Warren Buffett (BRK-A) has started to buy in Europe, more specifically in Germany. He stated that Germany is a great country, with a vigorous and productive economy. Therefore, we shouldn’t be surprised that he bought a German supplier of motorcycle equipment and he may be up for more (Source: Fortune).
I have mixed feelings in relation to the European economy. In my perspective, the current set of European policies is clearly off-mark. However, the QE will be an important driver for equities (as happened in the US case). Therefore, the already depressed EUR and some quality assets at depressed prices might represent the entry point that some investors were waiting for.
Buffett’s stance on Germany should be seen as an indicator that there are interesting opportunities in the old continent. I also have been paying some attention to some European equity markets like Germany and Spain. In Germany, one of the best companies that I have found is Adidas (ADDYY). The last time I wrote about Adidas was in September 2014; since then the stock price in EUR has climbed 29%. Unfortunately, the EUR had a steep decline during the period, completely offsetting the stock price gains (for the US-based investor).
The investment case for Adidas
Adidas is a powerful sports brand that dealt with significant problems during 2014. The Russian crisis, emergent markets’ currency depreciation and oversupply in the golf market marked a year where the earnings were a long way off-track. I interpret this as one of those cases where the company had everything going wrong for them.
Photo Credit: Kick Photo
Thanks to all the scares, the company is making huge efforts to improve its operations in order to have a better cushion for unpredictable events like happened last year. The strategy is divided in two major aspects:
- Increasing the sales in Adidas’ own stores: Adidas is looking to sell more items in its own retail channels, either online and brick and mortar stores. The company has been trying different approaches in the retail space and now is setting up a revamped retail strategy to apply until 2020. Obviously, the company is expecting to improve its margins by following this approach.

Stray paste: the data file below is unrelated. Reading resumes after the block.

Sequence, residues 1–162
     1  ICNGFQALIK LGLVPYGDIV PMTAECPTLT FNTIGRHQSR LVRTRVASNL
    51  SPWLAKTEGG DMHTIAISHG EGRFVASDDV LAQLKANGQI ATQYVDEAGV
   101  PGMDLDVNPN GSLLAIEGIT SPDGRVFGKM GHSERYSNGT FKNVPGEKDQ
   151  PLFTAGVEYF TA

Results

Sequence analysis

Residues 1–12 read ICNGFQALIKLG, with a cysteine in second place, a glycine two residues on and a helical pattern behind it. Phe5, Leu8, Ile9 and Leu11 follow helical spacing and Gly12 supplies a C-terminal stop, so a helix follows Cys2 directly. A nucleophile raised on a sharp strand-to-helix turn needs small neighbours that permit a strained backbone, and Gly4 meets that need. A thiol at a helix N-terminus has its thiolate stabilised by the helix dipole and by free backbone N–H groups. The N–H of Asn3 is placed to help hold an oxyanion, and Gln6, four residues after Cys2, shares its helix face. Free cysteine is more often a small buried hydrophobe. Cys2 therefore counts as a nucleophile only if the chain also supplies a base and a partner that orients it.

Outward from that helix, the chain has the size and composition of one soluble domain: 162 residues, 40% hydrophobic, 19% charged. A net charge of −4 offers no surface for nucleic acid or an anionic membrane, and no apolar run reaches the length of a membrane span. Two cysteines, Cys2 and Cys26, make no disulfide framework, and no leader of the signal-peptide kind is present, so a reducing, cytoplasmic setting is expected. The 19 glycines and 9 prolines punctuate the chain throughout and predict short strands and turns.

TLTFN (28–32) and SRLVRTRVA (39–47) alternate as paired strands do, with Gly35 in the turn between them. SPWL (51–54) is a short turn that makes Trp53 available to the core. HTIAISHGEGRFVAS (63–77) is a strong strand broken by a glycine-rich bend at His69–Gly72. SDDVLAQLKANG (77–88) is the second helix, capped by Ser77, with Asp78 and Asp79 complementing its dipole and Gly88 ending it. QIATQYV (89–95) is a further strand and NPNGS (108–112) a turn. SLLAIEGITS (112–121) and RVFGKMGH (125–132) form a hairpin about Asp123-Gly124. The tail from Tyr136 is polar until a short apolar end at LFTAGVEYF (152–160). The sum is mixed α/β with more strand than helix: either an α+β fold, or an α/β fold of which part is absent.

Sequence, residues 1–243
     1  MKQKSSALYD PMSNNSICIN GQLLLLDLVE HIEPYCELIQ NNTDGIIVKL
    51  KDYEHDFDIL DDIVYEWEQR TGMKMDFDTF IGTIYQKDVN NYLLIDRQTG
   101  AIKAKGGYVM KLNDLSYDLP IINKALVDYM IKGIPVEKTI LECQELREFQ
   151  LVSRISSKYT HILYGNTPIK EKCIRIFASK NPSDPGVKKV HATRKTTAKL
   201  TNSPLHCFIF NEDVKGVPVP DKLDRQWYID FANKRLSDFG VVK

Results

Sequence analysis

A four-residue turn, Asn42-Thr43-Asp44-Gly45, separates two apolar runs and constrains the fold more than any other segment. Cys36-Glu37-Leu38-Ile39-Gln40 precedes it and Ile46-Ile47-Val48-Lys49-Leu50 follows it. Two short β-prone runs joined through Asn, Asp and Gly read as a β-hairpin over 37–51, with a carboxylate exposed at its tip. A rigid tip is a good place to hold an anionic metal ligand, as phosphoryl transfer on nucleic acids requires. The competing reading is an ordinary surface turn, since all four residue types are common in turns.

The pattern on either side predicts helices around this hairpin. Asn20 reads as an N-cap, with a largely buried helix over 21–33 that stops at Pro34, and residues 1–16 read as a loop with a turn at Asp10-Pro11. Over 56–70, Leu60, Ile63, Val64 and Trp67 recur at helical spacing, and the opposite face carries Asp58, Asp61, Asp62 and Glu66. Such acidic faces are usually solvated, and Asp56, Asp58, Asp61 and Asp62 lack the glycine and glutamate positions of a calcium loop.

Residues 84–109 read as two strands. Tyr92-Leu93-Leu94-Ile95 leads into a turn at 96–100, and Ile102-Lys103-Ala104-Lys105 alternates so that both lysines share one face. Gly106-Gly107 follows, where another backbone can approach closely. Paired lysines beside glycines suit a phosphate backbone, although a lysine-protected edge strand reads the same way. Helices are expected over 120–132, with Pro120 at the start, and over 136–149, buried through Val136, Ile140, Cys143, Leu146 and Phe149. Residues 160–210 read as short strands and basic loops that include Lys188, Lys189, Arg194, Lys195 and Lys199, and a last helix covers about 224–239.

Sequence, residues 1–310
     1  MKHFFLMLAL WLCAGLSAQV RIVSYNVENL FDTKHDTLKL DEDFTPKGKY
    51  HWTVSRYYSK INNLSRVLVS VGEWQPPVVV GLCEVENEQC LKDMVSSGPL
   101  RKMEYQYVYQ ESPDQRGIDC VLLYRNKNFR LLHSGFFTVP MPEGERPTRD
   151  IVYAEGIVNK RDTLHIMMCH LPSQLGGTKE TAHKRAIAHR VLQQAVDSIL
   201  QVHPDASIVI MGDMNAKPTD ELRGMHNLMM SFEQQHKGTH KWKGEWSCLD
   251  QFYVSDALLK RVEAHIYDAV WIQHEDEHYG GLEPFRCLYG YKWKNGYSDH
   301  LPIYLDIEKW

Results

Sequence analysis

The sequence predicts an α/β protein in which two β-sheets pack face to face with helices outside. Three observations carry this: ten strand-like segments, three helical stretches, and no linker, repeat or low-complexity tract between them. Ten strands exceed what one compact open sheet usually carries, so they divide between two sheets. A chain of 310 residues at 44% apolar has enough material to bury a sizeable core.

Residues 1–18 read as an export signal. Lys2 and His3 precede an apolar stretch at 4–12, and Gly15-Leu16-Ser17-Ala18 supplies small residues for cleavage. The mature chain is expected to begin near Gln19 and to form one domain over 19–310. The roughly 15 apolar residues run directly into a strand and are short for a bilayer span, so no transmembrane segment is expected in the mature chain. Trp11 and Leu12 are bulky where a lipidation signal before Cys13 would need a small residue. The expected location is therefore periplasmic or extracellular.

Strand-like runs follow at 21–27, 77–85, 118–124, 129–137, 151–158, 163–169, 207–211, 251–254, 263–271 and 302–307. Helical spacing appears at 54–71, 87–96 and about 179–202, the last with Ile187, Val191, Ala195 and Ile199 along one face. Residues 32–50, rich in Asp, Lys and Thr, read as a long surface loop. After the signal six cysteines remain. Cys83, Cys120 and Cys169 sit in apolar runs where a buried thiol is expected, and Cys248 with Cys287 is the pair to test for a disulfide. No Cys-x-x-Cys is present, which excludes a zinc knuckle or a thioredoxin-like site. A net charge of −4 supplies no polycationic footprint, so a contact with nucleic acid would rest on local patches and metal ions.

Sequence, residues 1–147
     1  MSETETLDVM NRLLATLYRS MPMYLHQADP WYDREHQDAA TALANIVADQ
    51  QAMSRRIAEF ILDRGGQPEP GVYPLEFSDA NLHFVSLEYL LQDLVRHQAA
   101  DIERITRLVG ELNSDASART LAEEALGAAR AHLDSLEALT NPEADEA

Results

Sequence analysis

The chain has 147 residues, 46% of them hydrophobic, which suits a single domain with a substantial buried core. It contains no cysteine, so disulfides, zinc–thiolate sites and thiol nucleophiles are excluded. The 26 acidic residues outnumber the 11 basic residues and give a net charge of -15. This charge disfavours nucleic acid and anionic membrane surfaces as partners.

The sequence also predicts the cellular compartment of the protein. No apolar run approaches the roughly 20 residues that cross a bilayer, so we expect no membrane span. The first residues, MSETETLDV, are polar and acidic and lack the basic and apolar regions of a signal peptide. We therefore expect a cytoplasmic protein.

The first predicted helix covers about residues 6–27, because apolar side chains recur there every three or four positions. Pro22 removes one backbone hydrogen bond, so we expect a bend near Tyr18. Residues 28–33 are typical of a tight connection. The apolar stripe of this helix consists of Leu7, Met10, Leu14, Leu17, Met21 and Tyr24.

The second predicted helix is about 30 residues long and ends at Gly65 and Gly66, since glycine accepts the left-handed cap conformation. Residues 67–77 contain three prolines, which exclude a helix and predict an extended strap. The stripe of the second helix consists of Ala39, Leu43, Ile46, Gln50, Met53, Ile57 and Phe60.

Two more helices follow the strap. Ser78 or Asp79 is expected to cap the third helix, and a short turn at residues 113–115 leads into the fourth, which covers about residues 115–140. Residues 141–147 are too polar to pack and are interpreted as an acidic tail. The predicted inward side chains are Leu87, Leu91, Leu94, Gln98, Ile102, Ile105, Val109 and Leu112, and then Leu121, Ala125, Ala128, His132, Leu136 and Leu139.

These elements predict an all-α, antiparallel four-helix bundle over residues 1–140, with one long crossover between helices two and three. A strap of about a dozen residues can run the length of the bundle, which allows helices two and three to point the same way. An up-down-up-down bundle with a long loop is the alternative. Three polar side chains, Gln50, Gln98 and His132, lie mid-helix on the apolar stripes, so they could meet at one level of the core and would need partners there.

- Improving the feedback loop between sales and supply-chain: Adidas wants to reduce its inventory risk by having better communication channels between its sales points and its supply chain and logistics. This is a clear reaction to the excess of inventories that affected its TaylorMade golf brand last year. One way the company intends to do this is by prioritizing its own stores plus the online channel instead of focusing on third parties. Photo: Kick Photo
The previous two points highlight the biggest worry affecting the Adidas management team: speed-to-market. I think that improvements in this field should be welcomed but it worries me that the company lacks some identity on the marketing side. In this regard, the company needs a clear boost like the one that Robert Louis-Dreyfus gave to Adidas, back in 1994 when he left Saatchi & Saatchi to join the German sports brand.
Adidas is a good company with a great brand. Unfortunately, it is not a great company, it is just a good company. This does not mean, however, that Adidas is a bad investment. It is trading at 28 times 2014 earnings, and investors are expecting a recovery in the near future. If we use as a reference the 2013 earnings, Adidas is trading at a multiple of 20. Therefore, a recovery is pretty much discounted in the current stock price. What it is not discounted is the power and attractiveness of the brand that acts as a safety net for the underlying business. Borrowing Warren Buffet’s mindset of the competitive moat, we can argue that Adidas is a good enough brand to confer a good protection to its business.